Mid-Michigan family says their 62-year-old relative froze to death in his home
(02/16/2020) - The blistering cold turned deadly Saturday afternoon.
One Mid-Michigan family says their 62-year-old relative, Arnoul Jaros, was found dead in his unheated home. The inside was dark, but this tragedy is shining a light on mental health.
The Jaros family had gone to invite their relative over for dinner, but there was no answer at the door.
They say this isn't uncommon, because he typically is not interested in socializing. This time, however, there were no sounds of movement inside, no foot tracks around and a full mailbox with the last date postmarked Jan. 16.
That raised enough red flags to immediately called police.
"They went inside. They were inside for just a few minutes and they came out and told us they found him frozen to death. That's what they said to us," Karina Jaros, the man's niece said.
Dying in 26-degree cold alone was bad enough, but walking around the home and seeing how he suffered first-hand put the family in tears.
"He's very, very skinny. He didn't have a lot of fat to live on, and if you can't cook, can't take a hot shower, can't microwave anything to eat or drink, eating cold foods, there's no words," said Karin Jaros, the man's sister-in-law.
The family began wondering why his power was shut off. Consumers Energy released the following statement on the matter:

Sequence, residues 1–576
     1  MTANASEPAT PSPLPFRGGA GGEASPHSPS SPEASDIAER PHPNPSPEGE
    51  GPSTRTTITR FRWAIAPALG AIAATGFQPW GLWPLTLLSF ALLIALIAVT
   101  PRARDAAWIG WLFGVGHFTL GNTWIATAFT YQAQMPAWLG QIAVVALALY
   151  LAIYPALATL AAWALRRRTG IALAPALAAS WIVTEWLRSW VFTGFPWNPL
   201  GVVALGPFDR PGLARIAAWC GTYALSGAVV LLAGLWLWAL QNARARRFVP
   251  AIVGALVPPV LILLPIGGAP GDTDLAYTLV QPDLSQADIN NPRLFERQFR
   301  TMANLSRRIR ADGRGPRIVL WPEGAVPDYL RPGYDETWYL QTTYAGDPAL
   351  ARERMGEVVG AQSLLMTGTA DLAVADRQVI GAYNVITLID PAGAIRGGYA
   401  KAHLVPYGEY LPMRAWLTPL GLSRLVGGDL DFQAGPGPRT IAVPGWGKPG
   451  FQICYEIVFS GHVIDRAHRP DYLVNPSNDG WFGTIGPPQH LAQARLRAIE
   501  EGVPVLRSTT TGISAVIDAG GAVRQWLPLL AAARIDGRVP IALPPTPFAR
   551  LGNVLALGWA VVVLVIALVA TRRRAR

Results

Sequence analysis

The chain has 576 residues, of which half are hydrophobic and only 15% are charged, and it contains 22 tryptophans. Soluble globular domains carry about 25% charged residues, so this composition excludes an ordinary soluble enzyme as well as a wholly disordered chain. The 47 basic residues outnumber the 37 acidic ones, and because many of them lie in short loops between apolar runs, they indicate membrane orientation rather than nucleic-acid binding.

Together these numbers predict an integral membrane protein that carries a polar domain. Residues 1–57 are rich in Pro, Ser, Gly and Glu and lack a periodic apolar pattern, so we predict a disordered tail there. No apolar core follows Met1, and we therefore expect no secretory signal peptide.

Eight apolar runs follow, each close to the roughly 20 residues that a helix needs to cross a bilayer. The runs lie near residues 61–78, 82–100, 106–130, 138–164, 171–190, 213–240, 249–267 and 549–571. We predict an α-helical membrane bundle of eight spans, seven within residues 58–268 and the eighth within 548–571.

The man's family says he never complained about his physical health. He tried to cope with the cold with blankets and layers of curtains to cover the windows, but they say Arnoul suffered from a form of social anxiety.
"He wouldn't do anything. I was hopeful that we could help him with that and get him some sort of behavioral health interventions to help him with that anxiety, but I know that's a real hard step for people to take," Karin Jaros said.
The family says hey are expecting an autopsy report tomorrow.
Resources are available for anyone facing a shutoff notice. Call Michigan 211 to connect with programs that can help you pay utilities.
Michigan also offers State Emergency Relief through the Department of Health and Human Services. Several nonprofit organizations, including the Salvation Army, also provide help with home heating bills.